(Wikipedia Isis (ship)

Please note that from Malta Paul sailed to Rome on:

Acts 28:11    After three months we put out to sea in a ship that had wintered in the island. It was an Alexandrian ship with the figurehead of the twin gods Castor and Pollux.
[Two Greek Deities]

In addition, I found another inscribed anchor stock in the Museo Nazionale in Reggio, this time with the name Hera on it.

An anchor stock in the Museo Nazionale in Reggio (Italy) with the name Hera on it.

Hera was believed to be the wife of the chief deity ZeusReggio is located in southern Italy, on the coast facing Sicily.  Reggio is considered to be ancient Rhegium.

Acts 28:11    After three months we put out to sea in a ship that had wintered in the island [=Malta]. It was an Alexandrian ship with the figurehead of the twin gods Castor and Pollux. 12 We put in at Syracuse and stayed there three days. 13 From there we set sail and arrived at Rhegium. The next day the south wind came up, and on the following day we reached Puteoli.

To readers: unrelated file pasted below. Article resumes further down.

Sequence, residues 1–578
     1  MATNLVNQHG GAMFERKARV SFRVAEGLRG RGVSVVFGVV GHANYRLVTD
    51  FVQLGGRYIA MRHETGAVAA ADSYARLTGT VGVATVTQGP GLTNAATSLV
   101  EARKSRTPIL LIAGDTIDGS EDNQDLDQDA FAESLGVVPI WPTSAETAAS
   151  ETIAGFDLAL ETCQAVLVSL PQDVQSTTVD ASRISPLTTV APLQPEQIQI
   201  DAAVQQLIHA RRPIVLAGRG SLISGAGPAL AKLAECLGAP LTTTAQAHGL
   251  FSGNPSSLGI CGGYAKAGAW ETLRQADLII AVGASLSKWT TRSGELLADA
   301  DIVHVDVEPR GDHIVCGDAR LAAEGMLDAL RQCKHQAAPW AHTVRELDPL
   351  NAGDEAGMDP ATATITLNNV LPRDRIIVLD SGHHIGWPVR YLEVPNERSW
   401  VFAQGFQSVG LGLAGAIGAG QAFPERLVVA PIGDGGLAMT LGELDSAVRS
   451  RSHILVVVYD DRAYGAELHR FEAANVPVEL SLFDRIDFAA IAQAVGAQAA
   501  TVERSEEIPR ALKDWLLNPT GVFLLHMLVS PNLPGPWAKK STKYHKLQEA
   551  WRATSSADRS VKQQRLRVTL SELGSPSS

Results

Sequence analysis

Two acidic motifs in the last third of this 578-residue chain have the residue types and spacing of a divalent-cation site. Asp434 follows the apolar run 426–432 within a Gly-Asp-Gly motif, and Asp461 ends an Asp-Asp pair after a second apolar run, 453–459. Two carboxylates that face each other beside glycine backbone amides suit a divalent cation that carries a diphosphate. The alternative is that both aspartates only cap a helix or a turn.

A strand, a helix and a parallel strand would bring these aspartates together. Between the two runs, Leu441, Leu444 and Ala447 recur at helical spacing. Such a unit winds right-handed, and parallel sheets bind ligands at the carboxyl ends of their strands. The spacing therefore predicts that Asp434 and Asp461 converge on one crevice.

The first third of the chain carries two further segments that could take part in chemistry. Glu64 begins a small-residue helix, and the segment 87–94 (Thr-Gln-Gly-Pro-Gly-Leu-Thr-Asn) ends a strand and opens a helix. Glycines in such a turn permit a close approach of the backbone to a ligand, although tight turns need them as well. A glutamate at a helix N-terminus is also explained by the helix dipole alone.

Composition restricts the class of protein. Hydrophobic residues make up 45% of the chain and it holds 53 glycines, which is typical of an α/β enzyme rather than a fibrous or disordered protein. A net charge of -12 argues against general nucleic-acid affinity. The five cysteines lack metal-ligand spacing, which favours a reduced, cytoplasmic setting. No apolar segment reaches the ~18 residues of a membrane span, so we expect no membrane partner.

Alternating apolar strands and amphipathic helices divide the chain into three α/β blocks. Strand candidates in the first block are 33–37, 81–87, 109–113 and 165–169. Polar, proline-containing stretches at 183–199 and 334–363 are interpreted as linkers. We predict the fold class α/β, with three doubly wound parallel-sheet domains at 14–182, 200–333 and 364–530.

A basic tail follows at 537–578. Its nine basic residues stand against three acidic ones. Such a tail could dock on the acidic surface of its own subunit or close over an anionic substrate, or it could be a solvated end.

Detail of the name “Hera”—in reverse order—on the anchor stock.

To view images of items on display in the Malta Maritime Museum check here.


The Largest Anchor Stock — Paul’s Shipwreck—Part 2

In my earlier post, I wrote of the 11 Anchor Stocks that are currently in storage at the Malta Maritime Museum—and I described how they worked.

Among the 11 is the largest ancient anchor stock ever to be discovered!